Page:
Global giant in grab for Meantime
Added: Friday, May 15th 2015
SABMiller, the world’s second biggest brewing group and owner of Peroni, Grolsch, Miller Lite and Pilsner Urquell, has bought one of Britain’s most successful craft breweries, Meantime in Greenwich, South London. The sums involved have not been disclosed but SABMiller will now own a £2 million brewery with a potential capacity of 100,000 barrels and will control such key brands as London Pale Ale, London Lager and Yakima Red.
SABMiller has seen its beer sales fall in some key European markets. The group has also been under pressure, with rumours that AB InBev, the world's biggest brewer, might make a takeover bid. The Meantime acquisitiion could help stave off a grab from its main rival.
Nick Miller will continue as chief executive of Meantime. He joined the Greenwich brewery in 2011 and was previously managing director of Miller Brands, SABMiller’s UK subsidiary. Alastair Hook (above), who founded Meantime in 2000, remains as brew master. The brewery also owns an archive of the work of the legendary beer writer Michael Jackson, the Beer Hunter, and the future of the archive is unknown.
Meantime has been phenomenally successful in forging new routes to market with beers sold in bars and restaurants. It has been innovative, introducing draught beer in a box for outlets that lack cellar facilities. Its second brewery at the Unesco World Heritage Site of Christopher Wren’s Old Naval College in Greenwich gives scope for dining and matching beer with food, with such beers as Porter aged in wooden casks.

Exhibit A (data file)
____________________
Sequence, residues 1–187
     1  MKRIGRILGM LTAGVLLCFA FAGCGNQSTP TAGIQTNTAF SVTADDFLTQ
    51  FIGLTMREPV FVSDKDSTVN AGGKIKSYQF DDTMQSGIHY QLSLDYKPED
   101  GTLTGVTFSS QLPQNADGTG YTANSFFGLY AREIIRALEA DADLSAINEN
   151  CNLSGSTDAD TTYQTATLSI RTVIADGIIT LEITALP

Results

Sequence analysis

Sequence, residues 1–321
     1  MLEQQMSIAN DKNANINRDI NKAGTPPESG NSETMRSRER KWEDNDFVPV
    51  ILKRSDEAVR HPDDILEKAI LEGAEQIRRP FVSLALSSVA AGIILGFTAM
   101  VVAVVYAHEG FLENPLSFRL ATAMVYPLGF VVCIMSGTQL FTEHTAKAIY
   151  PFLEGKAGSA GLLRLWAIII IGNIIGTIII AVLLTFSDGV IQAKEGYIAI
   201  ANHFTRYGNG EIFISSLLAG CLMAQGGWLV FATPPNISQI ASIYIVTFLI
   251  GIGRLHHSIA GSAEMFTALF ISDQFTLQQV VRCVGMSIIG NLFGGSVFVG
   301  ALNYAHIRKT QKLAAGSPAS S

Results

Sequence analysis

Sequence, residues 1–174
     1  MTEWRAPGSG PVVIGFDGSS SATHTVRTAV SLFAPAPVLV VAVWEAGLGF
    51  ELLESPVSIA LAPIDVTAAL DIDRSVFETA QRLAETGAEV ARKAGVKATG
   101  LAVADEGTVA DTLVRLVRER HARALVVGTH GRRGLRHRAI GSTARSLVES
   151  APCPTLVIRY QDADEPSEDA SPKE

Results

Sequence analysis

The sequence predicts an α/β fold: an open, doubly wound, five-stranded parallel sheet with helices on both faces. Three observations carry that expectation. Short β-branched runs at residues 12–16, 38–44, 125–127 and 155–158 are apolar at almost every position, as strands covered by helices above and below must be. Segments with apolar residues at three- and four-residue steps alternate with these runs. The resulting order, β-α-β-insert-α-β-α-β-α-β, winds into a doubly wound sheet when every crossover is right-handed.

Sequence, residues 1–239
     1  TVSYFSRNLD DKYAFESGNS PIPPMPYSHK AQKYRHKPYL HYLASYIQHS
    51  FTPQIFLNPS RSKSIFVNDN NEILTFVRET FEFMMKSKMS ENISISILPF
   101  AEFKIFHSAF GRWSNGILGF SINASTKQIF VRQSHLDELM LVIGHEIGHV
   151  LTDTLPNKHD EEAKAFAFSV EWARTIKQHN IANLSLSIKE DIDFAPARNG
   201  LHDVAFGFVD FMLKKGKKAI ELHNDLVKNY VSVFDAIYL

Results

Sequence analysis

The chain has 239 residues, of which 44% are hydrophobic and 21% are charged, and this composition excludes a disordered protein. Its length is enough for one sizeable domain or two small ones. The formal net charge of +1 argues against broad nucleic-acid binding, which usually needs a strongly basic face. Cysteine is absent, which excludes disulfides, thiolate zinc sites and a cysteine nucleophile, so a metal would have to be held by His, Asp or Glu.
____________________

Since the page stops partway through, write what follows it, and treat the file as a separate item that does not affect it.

In 2014, Meantime’s sales grew by 58%, outpacing the UK beer market’s total growth of 1%. Sue Clark, managing director of SABMiller Europe, says she will explore export opportunities for Meantime brands and will also build a pilot brewery at Greenwich that will become the group’s centre for product innovation. The takeover will be completed in June.
The key question raised by the takeover is: Will there be more to come? The giant global brewers are keenly aware of the dramatic changes in beer drinking in Britain, Europe, the United States and Australia and New Zealand. Consumers are moving away from mass market brands and seeking beers with greater character and flavour.
In the U.S., AB InBev, the world’s biggest brewing group, bought the successful Goose Island craft brewery in Chicago and has opened a new brewing site on the east coast to build sales of such key Goose Island beers as IPA and Honkers.
In Britain, Molson Coors has bought Sharp’s Brewery in Cornwall and turned Doom Bar into the top UK standard bitter, overtaking sales of Greene King’s IPA. The main breweries in Britain owned by the likes of AB InBev, Carlsberg and Heineken are geared to producing vast volumes of mainstream lager and are not sufficiently flexible to enable them to brew smaller volumes of craft beer. It means they could be on the lookout for independent breweries that are successful in the fast-growing craft sector.
The sale of Meantime could mark a seismic shift in British brewing.